The authors are associated with CREE—the Oslo Centre for Research on Environmentally friendly Energy—which is supported by the Research Council of Norway.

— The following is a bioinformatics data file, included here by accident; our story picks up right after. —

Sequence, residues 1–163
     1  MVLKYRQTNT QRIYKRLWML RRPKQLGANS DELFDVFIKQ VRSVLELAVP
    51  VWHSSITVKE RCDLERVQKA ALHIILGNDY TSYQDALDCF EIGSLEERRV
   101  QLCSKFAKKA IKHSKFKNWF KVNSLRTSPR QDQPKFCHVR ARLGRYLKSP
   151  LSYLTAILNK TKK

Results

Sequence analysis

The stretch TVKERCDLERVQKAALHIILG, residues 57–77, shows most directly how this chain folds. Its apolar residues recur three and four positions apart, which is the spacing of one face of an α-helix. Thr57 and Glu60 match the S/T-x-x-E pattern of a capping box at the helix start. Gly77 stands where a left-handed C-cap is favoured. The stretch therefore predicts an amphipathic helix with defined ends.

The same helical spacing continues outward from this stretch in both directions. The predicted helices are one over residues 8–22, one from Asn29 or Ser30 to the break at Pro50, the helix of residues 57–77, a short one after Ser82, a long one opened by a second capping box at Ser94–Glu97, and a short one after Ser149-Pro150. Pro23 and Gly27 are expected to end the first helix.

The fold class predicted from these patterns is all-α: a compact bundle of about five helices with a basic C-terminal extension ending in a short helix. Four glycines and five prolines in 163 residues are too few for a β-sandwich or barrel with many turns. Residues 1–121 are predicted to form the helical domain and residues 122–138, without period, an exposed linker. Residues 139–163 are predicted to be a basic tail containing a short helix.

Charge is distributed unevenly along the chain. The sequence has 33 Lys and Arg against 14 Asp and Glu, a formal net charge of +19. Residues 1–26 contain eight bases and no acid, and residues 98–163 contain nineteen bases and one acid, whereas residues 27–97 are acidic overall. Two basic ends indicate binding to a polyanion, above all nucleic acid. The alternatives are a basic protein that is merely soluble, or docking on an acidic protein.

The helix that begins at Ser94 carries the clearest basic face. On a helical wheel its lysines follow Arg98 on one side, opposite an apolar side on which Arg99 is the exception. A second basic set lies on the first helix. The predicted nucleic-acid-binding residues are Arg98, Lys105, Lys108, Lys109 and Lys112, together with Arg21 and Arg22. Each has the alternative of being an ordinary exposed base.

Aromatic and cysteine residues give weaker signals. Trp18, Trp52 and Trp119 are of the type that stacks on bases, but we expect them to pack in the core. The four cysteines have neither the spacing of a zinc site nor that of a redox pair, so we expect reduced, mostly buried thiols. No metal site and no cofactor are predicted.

This article presents and discusses results from an empirical study of people’s uses of various types of heat pumps in Norwegian homes. We analyze the rebound effect from a practice theory perspective. In-depth interviews were conducted with 28 homes in 2012 and 2013, and in two cases, we observed the process and aftermath of the installations of heat pumps. We disentangle the motives behind people’s acquisition of heat pumps and examine how heat pumps are taken in use, that is, the ways heat pumps form part of—and modify—the social practices into which they are integrated, whether related to heating, comfort, time management, or other routines and concerns. The results show that a comfort rebound effect (direct rebound) is at work in two specific senses. First, a “temporal rebound” occurs as people expand the amount of time the home is heated. Secondly, the heat pump enables a physical expansion of the heated space, which we refer to as the “spatial rebound”. We show that three sources of agency contribute to these shifts: people’s own practical knowledge, expert knowledge, and the heat pump’s embedded script. Our findings indicate that the ways that heat pumps are viewed and used differ significantly between the suppliers who promote them and the households who buy and use them.